cellar, winery, distillery, etc., so plan ahead (yes, this has been mentioned already...).
STUPID WINE TRICKS and MYTHS
refrigerator is not a good place to store wine for several
reasons. Refrigerators are designed for short-term cold storage; temperatures
within change over a fairly wide range, every few minutes or hours.
The components are engineered to drop temperature rapidly to below
50° F and not necessarily maintain it within a narrow range
of a few degrees. The
other more serious danger of refrigerating bottles is that the
temperature changes (and low humidity) will cause some corks to
dry out and fail prematurely, causing wine to leak out (minor problem)
and air to seep in (major problem). The
low temperatures reached, rapid temperature swings, and vibrations
from the self-contained compressors that cycle on and off several
times daily, all are harmful to wine development.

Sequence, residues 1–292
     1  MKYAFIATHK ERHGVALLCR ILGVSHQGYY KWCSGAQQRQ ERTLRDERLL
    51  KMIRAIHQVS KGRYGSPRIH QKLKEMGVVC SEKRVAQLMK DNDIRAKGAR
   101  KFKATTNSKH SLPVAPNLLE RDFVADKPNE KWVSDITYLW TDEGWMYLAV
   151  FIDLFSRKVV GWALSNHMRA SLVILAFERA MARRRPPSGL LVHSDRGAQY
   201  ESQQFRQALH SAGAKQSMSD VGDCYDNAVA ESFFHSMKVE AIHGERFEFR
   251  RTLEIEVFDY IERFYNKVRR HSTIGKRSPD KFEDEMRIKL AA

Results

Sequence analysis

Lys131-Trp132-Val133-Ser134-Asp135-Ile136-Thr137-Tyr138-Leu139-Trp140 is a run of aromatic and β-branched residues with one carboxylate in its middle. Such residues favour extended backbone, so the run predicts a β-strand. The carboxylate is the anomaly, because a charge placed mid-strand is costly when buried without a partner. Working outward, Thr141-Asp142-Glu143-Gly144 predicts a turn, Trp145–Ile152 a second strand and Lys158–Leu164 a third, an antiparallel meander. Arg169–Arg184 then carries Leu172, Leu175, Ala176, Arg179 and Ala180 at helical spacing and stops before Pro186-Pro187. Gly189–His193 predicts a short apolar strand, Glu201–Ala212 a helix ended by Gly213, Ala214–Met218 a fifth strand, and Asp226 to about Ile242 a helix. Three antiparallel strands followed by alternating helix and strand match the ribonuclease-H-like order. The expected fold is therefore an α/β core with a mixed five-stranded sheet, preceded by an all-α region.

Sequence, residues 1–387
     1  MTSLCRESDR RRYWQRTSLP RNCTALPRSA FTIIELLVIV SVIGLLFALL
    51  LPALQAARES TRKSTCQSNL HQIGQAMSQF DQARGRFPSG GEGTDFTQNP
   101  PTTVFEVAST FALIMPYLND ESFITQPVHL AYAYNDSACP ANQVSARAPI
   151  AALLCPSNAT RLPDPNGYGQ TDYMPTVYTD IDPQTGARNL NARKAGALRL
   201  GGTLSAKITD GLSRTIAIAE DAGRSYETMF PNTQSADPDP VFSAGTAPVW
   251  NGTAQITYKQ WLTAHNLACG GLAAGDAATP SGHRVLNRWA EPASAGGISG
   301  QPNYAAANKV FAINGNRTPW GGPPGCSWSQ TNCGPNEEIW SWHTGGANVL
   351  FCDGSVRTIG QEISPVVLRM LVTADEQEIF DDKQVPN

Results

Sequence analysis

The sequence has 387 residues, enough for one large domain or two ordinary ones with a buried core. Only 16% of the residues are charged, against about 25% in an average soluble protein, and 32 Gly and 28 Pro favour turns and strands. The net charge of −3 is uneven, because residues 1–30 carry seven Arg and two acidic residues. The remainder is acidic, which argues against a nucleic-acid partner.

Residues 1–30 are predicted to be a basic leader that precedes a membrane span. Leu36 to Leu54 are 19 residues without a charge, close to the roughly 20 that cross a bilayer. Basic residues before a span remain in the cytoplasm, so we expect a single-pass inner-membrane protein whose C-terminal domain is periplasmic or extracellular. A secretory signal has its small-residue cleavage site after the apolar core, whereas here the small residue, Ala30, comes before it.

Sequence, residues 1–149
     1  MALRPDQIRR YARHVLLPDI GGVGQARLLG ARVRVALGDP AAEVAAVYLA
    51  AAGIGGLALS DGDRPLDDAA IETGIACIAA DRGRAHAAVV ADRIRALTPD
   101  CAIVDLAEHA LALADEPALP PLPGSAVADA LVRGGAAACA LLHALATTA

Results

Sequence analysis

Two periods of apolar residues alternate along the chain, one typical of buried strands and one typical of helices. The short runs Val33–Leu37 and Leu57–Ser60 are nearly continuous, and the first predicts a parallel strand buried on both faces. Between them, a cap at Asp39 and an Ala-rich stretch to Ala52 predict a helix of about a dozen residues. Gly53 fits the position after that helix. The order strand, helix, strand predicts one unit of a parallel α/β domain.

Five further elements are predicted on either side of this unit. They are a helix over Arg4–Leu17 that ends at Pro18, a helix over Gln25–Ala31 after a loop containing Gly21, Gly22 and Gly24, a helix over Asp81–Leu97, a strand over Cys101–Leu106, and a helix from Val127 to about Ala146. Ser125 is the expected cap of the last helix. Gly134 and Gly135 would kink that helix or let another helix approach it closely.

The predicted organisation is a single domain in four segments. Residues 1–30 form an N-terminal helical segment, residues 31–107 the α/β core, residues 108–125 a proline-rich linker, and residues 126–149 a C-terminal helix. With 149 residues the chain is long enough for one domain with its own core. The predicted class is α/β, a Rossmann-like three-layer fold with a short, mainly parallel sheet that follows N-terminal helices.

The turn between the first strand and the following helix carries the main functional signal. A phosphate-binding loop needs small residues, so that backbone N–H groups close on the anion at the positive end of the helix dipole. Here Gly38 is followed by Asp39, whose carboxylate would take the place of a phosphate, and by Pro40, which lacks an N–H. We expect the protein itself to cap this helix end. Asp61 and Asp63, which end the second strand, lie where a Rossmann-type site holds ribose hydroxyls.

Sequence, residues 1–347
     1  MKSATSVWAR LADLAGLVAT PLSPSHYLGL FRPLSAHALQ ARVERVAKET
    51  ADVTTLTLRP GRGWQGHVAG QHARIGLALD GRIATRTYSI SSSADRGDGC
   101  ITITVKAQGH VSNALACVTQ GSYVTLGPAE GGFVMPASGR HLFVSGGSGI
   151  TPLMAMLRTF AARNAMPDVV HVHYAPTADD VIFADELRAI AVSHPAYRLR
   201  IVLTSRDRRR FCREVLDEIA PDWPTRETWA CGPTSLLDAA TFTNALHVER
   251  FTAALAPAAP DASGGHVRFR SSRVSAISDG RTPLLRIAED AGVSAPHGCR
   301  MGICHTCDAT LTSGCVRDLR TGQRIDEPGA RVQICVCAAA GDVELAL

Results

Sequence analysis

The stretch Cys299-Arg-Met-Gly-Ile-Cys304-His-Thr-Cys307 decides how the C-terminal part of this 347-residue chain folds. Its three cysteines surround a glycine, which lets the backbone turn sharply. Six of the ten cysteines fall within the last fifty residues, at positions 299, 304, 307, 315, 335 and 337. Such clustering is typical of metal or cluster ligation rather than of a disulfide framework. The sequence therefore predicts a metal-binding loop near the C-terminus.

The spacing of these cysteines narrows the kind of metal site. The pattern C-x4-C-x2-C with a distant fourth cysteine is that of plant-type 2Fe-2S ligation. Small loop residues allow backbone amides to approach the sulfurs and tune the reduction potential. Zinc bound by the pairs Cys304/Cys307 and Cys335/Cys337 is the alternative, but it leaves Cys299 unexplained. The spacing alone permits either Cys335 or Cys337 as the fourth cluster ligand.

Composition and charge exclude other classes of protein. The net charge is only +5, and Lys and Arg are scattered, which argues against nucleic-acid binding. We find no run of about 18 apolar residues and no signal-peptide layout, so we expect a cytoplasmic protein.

Dedicated wine storage cabinets are not cheap (or small). Don't be fooled; there are many "wine chilling cabinets" on the market, suitable for wine that will be served within aa few weeks or months at most, but unless the unit is more than half the size of your kitchen refrigerator and also twice the price per cubic foot, it is probably not a good long-term wine storage option.
The only time wine should
be kept in a refrigerator is after it has been uncorked.
In fact, the smart way to chill wine is to put it in a bucket,
filled with about 2/3 ice and 1/3 water, for 15-20 minutes (using
ice alone, without the water bath, takes longer, because air pockets between the cubes,
even if finely-crushed, insulate against the cold).
fluctuations between normal and low temperatures can cause wine
to precipitate crystals of potassium bitartrate that
look like broken glass (myth), but are completely edible and perfectly
harmless; they are merely an annoyance. When these crystals are
dried and powdered they become "Cream
of Tartar" commonly used in baking.
as a means of avoiding sediment buildup is a stupid urban myth and
completely antithetical to removing particles and sludge. Turning disturbs natural settling, has no reasonable purpose, and the extra handling and light exposure will cause